Cape Canaveral, Nov 27 (): After experiencing various technical issues with its Falcon 9 rocket, Hawthorne rocket maker SpaceX cancelled its scheduled launch from Cape Canaveral. The company has again rescheduled its next launch attempt for Thursday at 2:38 p.m. PST.
SpaceX, officially named Space Exploration Technologies Corp., was set to take the SES-8 telecommunications satellite into geostationary transfer orbit, nearly 50,000 miles from Earth. The space flight powered by the Falcon 9 rocket was scheduled to leave Cape Canaveral at 5:37 p.m on Nov. 25; but glitches in the rocket prevented the planned launch from happening. It would be the first time the company had pulled off the feat.
The technical problems first postponed the rocket’s launch by an hour. During the 65-minute launch window, SpaceX made three attempts to get the rocket off the ground, but on each attempt, mission controllers were met with a glitch. When the problem with the first stage of launch was not solved the mission was called off. The cause of Monday’s error was not immediately clear.
Officials of SpaceX, in a brief statement announced about the delay and has stated that the rescheduled launch is set for Thanksgiving evening. The reason for the Thanksgiving mission, according to SpaceX, is that the Federal Aviation Administration did not want to shut down commercial plane traffic along the Florida coast during one of the busiest times of the year.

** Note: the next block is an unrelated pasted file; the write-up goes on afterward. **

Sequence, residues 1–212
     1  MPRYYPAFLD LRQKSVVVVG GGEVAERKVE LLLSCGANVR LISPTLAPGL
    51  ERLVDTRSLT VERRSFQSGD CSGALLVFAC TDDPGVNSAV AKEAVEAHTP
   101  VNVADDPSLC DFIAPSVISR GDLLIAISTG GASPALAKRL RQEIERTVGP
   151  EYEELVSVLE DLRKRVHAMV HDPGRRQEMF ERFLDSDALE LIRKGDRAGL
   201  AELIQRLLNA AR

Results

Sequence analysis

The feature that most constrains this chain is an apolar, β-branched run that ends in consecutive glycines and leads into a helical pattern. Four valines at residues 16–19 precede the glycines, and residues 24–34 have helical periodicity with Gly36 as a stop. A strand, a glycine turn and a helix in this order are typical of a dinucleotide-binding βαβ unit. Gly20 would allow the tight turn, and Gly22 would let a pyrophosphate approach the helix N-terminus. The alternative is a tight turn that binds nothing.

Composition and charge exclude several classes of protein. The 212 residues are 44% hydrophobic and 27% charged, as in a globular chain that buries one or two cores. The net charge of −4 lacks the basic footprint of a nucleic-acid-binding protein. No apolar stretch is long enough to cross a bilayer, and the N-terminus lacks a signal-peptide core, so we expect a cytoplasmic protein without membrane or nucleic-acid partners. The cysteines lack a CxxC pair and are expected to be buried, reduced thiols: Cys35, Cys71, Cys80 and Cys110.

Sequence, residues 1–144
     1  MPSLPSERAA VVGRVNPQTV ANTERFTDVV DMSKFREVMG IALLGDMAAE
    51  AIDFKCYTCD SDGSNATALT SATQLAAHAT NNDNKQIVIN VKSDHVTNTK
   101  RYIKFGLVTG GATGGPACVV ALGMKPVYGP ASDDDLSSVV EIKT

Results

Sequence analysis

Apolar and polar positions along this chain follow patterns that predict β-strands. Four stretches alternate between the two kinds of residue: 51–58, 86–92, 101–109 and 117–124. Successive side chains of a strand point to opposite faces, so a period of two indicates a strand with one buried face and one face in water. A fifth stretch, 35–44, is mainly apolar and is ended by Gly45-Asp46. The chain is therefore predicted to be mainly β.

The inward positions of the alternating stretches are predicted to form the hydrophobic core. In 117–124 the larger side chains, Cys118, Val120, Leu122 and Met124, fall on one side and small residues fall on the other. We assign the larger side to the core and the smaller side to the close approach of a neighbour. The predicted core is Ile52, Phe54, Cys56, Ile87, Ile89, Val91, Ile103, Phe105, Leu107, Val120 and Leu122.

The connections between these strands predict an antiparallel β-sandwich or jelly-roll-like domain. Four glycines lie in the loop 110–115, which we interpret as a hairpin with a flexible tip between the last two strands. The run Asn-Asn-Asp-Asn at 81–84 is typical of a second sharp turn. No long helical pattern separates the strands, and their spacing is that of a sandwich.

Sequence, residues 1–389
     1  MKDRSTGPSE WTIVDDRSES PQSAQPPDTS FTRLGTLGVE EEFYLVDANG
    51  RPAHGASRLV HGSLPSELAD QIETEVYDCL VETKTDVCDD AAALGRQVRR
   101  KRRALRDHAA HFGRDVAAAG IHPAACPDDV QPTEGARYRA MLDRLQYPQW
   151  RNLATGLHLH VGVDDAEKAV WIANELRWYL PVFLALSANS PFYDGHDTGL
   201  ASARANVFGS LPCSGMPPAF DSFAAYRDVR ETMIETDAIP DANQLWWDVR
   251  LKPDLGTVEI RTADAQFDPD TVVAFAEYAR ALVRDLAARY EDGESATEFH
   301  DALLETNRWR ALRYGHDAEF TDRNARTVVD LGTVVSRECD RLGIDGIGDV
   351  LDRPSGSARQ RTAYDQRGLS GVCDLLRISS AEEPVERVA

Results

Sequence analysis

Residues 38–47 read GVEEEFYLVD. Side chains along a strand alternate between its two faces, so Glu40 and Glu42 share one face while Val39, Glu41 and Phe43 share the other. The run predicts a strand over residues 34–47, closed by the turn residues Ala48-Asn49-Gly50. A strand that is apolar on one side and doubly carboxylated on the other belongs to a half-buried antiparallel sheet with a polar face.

Founded in 2002, the Hawthorne, California-based SpaceX already has a $1.6 billion deal with NASA to launch at least 12 commercial cargo and are actively working to reach this target. Falcon 9, and the Dragon, were initially designed in order to enable the transport of humans into space.
Falcon 9, a two-stage rocket has been designed in order to ensure the transport of satellites, and the Dragon spacecraft is dependable and safe.
The Falcon 9 has already succeeded in sending its Dragon capsules to the International Space Station under a contract with NASA. In 2012, Falcon 9 made history, when it delivered the Dragon spacecraft into the correct orbit at the anticipated time.